Hazardous materials workers outside dormitory at the State University of New York at New Paltz, January 1992. See photo tour for more info.
Pipes burst in Parker Theater in early 1992, spilling millions of gallons of contaminated water through the building and into the streets, into storm sewers and thus into the Wallkill River. Workers filled 500 barrels with toxic ice, water and sand that night. Campus officials and contractors neglected to report the spill to the Coast Guard's spill reporting hotline. Photo by Eric Francis.
By 1993, with the assistance of Gov. Cuomo, I established that ventilation ducts in Capen and Gage had never been tested for contamination. By June 1994, with the help of someone named Ward Stone, I had established in a Woodstock Times series that the Gage vents were indeed contaminated. They were then cleaned to the "arm's length." But the vents were never tested in Capen Hall, which means they were never cleaned. Jennifer, who saw the Capen vents, said last week they were coated with grease and dust, as were many other surfaces in the building. Based on these facts, it's fair to say nobody really knows how contaminated the dormitories are.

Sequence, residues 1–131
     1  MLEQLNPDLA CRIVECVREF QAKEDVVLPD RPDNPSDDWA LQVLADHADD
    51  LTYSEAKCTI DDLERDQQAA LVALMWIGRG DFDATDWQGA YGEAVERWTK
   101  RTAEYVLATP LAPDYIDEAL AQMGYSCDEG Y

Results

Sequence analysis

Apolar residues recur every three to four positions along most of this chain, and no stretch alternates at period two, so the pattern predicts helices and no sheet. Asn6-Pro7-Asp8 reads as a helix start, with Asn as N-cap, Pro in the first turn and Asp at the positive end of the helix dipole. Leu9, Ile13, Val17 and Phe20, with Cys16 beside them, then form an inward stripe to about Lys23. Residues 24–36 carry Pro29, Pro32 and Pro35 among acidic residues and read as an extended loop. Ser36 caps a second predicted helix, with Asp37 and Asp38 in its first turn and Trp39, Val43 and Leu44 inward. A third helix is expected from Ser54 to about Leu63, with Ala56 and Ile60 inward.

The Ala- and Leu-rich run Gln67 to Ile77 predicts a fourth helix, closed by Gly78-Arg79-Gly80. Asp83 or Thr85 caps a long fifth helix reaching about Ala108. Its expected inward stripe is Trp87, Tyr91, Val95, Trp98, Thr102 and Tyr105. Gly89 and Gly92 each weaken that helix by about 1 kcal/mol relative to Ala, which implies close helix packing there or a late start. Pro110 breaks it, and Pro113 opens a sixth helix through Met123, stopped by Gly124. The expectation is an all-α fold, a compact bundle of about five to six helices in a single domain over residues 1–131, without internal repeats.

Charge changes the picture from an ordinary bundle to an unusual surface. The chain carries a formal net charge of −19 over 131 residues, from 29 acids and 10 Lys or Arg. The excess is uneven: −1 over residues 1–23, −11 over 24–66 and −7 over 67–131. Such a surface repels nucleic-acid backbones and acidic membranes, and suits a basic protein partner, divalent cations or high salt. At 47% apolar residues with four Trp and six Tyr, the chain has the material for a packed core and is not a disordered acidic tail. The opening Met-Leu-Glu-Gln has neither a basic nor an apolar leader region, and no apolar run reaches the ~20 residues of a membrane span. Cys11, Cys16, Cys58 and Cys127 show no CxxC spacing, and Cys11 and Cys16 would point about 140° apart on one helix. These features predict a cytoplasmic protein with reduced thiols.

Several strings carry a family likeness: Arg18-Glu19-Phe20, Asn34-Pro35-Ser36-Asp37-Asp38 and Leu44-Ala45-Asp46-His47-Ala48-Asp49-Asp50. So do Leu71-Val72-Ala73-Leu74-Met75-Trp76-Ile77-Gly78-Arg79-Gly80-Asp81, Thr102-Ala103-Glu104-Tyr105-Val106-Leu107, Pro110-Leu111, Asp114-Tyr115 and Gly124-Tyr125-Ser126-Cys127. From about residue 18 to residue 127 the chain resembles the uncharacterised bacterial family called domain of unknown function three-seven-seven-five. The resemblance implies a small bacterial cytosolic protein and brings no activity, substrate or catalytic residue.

In 1994, with the reassessment of dioxin proceeding steadily, EPA estimated that as many as one-in-a-thousand people would get cancer just from carrying the typical body burden of dioxin. This did not include additional exposures from things like contaminated food, or living in Capen Hall. Nobody looked at Document 0549P or questioned its validity in light of this new information.

As the 1990s unwound, words like "endocrine disrupter" and "dioxin-like compound" and "synergistic effects" came into coinage to describe the dioxin problem. A national publicity campaign was launched by something called the "Wise Use Movement" to plant the idea in the public's mind that dioxin is not so bad after all. State officials, including the SUNY New Paltz administration, continue to reassure students, parents and the student newspaper that the dormitories are safe.